- Emeritus Scientist, Cancer Control Research, BCCA
- Clinical Professor, School of Population and Public Health, UBC
- Associate Member, Dermatology, UBC
- Associate Member, Ophthalmology, UBC
- Associate Member, Surgery, UBC
- Fellow, American College of Epidemiology, 1992
- MA (Medical Sociology), Western Washigton University, 1973
- BSc (Biological Science), UBC, 1967
My principal interest is in the interaction of environmental factors and susceptibility genes in determining cancer risk, especially for cutaneous malignant melanoma, prostate cancer, non-Hodgkin lymphoma, and non-melanocytic skin cancers.
At the present time a number of studies are underway including investigations of the putative relationship between plasma organochlorine compounds and both melanoma and non-Hodgkin lymphoma. In collaboration with other members of the program we are conducting similar studies of multiple myeloma and other cancers. Investigations of prostate cancer are underway to see if factors associated with increased risk of developing the disease might also be associated with aggressive vs indolent disease.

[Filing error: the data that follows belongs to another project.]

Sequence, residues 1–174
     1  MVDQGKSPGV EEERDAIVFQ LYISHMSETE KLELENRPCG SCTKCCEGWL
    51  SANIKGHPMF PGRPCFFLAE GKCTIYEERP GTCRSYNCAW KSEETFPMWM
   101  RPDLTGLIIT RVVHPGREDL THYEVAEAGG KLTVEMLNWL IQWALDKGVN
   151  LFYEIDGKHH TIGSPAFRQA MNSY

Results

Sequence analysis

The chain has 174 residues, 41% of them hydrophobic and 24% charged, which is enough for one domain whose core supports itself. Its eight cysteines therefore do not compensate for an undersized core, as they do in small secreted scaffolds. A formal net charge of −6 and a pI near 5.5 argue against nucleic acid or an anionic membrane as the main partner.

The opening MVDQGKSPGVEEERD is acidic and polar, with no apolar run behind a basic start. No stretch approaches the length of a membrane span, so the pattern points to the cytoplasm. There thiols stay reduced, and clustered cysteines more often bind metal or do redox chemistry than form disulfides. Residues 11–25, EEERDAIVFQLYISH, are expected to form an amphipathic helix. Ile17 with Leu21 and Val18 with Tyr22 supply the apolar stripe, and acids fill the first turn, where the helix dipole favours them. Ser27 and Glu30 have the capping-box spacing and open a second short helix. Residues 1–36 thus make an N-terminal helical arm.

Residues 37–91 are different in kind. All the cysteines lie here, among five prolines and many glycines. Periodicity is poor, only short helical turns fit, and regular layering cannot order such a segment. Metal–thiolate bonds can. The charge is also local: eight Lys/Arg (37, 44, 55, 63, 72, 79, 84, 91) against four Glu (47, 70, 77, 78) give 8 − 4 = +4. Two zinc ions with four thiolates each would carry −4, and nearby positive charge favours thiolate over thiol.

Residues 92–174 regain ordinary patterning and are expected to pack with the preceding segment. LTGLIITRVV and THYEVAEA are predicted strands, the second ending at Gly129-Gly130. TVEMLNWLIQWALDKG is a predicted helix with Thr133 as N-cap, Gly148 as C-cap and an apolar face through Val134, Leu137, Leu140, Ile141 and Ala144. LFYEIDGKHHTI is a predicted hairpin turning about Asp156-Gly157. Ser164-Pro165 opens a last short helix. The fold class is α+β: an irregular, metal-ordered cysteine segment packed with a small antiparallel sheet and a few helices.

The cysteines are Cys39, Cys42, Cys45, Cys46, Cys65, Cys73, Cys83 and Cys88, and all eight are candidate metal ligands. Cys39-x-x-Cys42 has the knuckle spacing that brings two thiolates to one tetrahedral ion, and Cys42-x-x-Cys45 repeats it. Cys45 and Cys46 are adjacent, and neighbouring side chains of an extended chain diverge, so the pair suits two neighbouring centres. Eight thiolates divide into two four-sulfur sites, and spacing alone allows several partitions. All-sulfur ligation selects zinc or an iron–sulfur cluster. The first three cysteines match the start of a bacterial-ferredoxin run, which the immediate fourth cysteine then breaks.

Data from several of these investigations are part of large multi-national collaborative consortia including the Genes Environment and Melanoma (GEM) consortium and the InterLymph consortium. Aggregation of environmental and genetic data in these consortia enables large scale datasets to be assembled to test gene-environment interaction hypotheses, especially on tumours which are relatively rare in any single study.Our BC Generations Project www.bcgenerationsproject.ca is assembling a cohort of 40,000 British Columbia residents between the ages of 35 and 69, who complete an etiologic questionnaire and contribute blood and urine specimens for storage, and will be followed over the next 25 years to investigate gene - environment interaction in the causation of cancer and other chronic disease. Together with investigators in 4 other provinces also recruiting participants we expect to be able to build a research platform comprised of data and specimens from 300,000 Canadian called the Canadian Partnership for Tomorrow. The platform will allow large-scale studies of the causes of many chronic diseases, and facilitate identification of new early disease detection biomarkers, and markers of carcinogenic exposure by Canadian and international scientists for many years in the future.